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A measurement of the iso-alpha acid concentration, which contributes bitterness to beer. The iso-alpha acid concentration is the major contributor to bitterness in beer. 1 IBU = 1 part per million of isomerised alpha acid.
The Ideal Gauge Pressure for any beer is the applied gas pressure matching the amount of CO2 in the beer. Some of the variables affecting the Ideal Gauge Pressure are elevation (atmospheric pressure), temperature, CO2 volume and the system operating pressure.

For example - A traditional American beer (2.6 CO 2 Volumes) at 38° F would normally have an Ideal Gauge Pressure between 13 and 14 lbs when stored in a kegerator at an elevation of sea level.

A device used to chill wort quickly from boiling temperatures, to temperatures suitable for pitching the yeast (60s for ales, 50s for lagers). Consists of a copper coil which is placed in the brew pot; cold water is run through the coil, which cools the wort.
1. A bottle, 6 liters in capacity.
2. A beer which is stronger than the typical base style. I have most often seen it described as 20 gravity points higher than the BJCP style guidelines.
3. A pint glass of 20 ounces.
Literally, "in glass." Performed in a test tube or other laboratory apparatus.
In the living organism.
In brewing, an infection refers to significant levels of any microbes in the beer wort other than the desired yeast. Potential infecting microbes include wild yeasts (and other fungi), as well as various bacteria. Symptoms of an infection can vary widely depending on the specific infecting microbe(s), and can include (but are not limited to): mold growing in the fermenter, strange odors and/or flavors, overcarbonated bottles, rings of scum in the bottles, and clumps or strands of gelatinous material.
A mashing technique in which a controlled amount of hot water is added to the grain, to achieve the desired mash temperature.
The temperature at which malt and water are brought together at Temp commencement of mashing.
The introduction of a microbe into surroundings capable of supporting its growth. See pitching.
A mixture of dextrose and fructose found in fruits or produced artificially by the inversion of sucrose (e.g. hydrolyzed cane sugar).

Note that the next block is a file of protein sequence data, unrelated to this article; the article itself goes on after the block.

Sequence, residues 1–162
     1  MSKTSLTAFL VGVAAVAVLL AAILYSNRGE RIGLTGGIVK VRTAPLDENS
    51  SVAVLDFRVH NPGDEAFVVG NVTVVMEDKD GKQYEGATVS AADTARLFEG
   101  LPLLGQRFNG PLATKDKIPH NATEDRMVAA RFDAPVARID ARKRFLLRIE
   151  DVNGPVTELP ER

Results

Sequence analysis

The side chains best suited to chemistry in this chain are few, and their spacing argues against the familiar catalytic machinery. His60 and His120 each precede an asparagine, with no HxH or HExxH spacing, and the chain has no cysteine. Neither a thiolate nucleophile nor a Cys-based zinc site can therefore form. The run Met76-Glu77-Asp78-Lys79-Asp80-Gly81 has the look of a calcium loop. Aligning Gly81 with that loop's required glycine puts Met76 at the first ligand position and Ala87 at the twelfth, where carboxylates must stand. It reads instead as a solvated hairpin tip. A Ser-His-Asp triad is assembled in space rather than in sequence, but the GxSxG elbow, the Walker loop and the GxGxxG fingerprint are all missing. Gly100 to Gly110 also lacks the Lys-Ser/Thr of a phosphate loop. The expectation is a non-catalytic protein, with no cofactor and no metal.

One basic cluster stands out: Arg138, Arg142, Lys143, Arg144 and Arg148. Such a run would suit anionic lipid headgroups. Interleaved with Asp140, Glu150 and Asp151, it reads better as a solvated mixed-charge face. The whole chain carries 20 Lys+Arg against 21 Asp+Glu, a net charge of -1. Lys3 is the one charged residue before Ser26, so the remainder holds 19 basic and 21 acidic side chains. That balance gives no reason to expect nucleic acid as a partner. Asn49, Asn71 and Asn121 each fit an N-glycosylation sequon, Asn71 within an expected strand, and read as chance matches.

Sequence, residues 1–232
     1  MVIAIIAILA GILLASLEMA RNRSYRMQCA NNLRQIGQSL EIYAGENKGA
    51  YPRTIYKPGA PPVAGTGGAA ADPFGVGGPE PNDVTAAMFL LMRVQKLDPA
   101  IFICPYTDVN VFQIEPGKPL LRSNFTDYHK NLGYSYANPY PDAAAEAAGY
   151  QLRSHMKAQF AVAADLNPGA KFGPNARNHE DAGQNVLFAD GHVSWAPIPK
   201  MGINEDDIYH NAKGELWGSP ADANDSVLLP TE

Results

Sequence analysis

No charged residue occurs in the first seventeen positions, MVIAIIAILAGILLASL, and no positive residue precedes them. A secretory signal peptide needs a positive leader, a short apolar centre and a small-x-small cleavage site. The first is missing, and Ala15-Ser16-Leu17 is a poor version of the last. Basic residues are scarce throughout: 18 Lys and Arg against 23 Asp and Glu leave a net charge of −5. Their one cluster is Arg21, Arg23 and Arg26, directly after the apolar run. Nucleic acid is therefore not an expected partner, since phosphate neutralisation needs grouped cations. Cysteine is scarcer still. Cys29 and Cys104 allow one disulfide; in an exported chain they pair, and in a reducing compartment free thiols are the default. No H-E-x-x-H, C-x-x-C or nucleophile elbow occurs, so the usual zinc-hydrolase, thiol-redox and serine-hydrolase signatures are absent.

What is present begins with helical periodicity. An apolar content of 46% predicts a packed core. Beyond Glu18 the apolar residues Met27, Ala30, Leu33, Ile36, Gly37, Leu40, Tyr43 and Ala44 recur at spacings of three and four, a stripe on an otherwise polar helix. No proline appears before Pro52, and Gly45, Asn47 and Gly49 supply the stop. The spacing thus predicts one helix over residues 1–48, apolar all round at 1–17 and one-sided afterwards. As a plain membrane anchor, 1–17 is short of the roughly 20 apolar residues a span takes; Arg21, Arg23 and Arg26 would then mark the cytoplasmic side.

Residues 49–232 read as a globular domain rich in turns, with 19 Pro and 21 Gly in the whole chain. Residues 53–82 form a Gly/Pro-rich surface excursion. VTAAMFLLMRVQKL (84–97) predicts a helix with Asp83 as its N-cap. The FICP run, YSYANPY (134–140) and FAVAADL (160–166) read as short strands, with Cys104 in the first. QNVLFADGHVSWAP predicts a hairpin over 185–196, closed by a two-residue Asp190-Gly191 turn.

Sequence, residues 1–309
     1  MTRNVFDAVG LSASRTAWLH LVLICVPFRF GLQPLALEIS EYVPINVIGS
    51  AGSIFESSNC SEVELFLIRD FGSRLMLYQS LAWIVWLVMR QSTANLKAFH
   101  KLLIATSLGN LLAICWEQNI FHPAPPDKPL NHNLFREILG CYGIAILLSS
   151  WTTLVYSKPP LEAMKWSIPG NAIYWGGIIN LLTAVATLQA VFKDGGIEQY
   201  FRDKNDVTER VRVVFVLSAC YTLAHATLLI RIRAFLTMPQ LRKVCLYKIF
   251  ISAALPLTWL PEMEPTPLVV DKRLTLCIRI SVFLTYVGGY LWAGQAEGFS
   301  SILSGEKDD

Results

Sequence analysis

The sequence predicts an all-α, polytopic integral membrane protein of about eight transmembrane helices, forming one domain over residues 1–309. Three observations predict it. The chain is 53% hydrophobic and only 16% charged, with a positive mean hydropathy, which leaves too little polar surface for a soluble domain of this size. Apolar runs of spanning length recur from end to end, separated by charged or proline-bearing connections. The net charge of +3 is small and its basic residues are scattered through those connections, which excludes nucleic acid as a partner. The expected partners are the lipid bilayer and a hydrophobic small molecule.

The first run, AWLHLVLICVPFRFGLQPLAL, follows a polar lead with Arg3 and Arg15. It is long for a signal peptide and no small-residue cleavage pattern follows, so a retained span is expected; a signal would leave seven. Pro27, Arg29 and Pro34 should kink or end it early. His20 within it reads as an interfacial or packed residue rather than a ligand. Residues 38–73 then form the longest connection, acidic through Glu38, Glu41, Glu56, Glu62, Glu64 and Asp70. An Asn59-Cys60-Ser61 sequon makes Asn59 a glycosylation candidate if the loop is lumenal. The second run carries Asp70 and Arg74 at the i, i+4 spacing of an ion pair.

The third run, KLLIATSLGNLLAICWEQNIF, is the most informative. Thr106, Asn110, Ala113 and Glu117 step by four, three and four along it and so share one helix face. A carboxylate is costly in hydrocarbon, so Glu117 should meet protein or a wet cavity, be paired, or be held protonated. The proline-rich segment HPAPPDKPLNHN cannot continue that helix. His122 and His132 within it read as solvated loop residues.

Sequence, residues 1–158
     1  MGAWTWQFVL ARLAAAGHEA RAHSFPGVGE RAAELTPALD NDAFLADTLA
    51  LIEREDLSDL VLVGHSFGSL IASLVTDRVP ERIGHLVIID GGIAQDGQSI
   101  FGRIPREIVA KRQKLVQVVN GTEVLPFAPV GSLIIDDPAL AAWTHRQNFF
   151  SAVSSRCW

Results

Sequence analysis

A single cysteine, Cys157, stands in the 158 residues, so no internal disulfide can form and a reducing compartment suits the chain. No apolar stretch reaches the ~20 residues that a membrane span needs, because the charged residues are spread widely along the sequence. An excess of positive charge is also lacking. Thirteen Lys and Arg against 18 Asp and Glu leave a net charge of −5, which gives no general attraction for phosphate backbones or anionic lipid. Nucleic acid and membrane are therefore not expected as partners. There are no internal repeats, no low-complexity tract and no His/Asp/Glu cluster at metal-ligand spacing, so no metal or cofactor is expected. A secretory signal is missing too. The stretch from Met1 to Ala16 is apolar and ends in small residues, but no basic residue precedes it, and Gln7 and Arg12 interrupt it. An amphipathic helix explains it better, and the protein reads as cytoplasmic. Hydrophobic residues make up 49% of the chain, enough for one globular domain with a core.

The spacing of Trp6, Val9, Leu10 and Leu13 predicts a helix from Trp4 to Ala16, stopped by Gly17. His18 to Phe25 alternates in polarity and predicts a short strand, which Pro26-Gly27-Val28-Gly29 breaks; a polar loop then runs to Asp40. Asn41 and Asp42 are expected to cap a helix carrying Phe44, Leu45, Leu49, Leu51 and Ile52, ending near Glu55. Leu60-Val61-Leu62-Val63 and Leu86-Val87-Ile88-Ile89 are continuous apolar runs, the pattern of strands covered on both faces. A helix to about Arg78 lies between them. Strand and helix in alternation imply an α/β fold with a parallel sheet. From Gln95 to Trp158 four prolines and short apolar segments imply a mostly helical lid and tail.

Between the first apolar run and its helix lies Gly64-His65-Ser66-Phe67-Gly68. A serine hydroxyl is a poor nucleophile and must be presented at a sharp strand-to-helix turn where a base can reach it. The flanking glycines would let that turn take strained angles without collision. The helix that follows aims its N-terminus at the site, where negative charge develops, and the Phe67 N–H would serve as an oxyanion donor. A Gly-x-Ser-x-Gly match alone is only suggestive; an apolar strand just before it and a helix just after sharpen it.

A method for determining whether all of the starches in a mash have been converted to sugars. A small sample of the mash liquid is placed on a white plastic or ceramic plate, and a drop of red tincture of iodine is added. If the iodine does not change color, then starch conversion is complete. If the iodine darkens, then the degree of color change gives a rough indication of the amount of starch still present.
An iodine-based sanitizer. Most of the Iodophors available to homebrewers should be diluted at the rate of 1/2 fluid oz. of Iodophor to 5 gallons of water before use. When used at proper dilution levels, Iodophor is a "no-rinse" sanitizer -- equipment can simply be allowed to drip dry.
An electrically charged component of a molecule, which may be one atom, or a combination of atoms. When calcium sulphate, CaSO4, is dissolved in water, it breaks into the ions Ca++, and S04.
An emulsifying agent, Irish moss promotes break material formation and precipitation during the boil and upon cooling.
An ion that causes haze and hampers yeast.

The clear swim bladders of a small fish, consisting mainly of the structural protein collagen, acts to absorb and precipitate yeast cells, via electrostatic binding.
Hop alpha acids which have undergone isomerization in the boil, making them more soluble. (Alpha acids which have not been isomerized are not very soluble in wort/beer.)
Organic compounds of identical composition and molecular weight, but having a different molecular structure.
Isomerisation is the rearrangement of a molecule from one form (isomer) to another without gaining or losing atoms. This is important in brewing as a-acids are not very soluble in water whereas iso-a-acids are very soluble. Isomerisation of a-acids occurs when a-acids are heated. This traditionally has taken place in the Kettle when the hops are added, however, these days preisomerized hops and hop products are also available.
Also known as Iso-alpha acids, Iso-alphas and Isos. Isomerised alpha acids are alpha acids that have been rearranged chemically without gaining or losing atoms (isomerised). Unlike unisomerised alpha acids, isomerised alpha acids are soluble in beer at storage and serving temperatures. Isomerised Alpha Acids are the main bittering component in beer.
To alter the arrangement - but not the kind or number - of atoms in a compound by heating or other means. During boiling, alpha acids are isomerized and these isomers (iso-alpha acids) bitter the finished beer.

An organic compound which is produced by certain strains of yeast during fermentation. Has a banana-like aroma and flavor.
An organic acid which results in a cheesy or "sweat sock" flavor in beer caused by the use of old hops.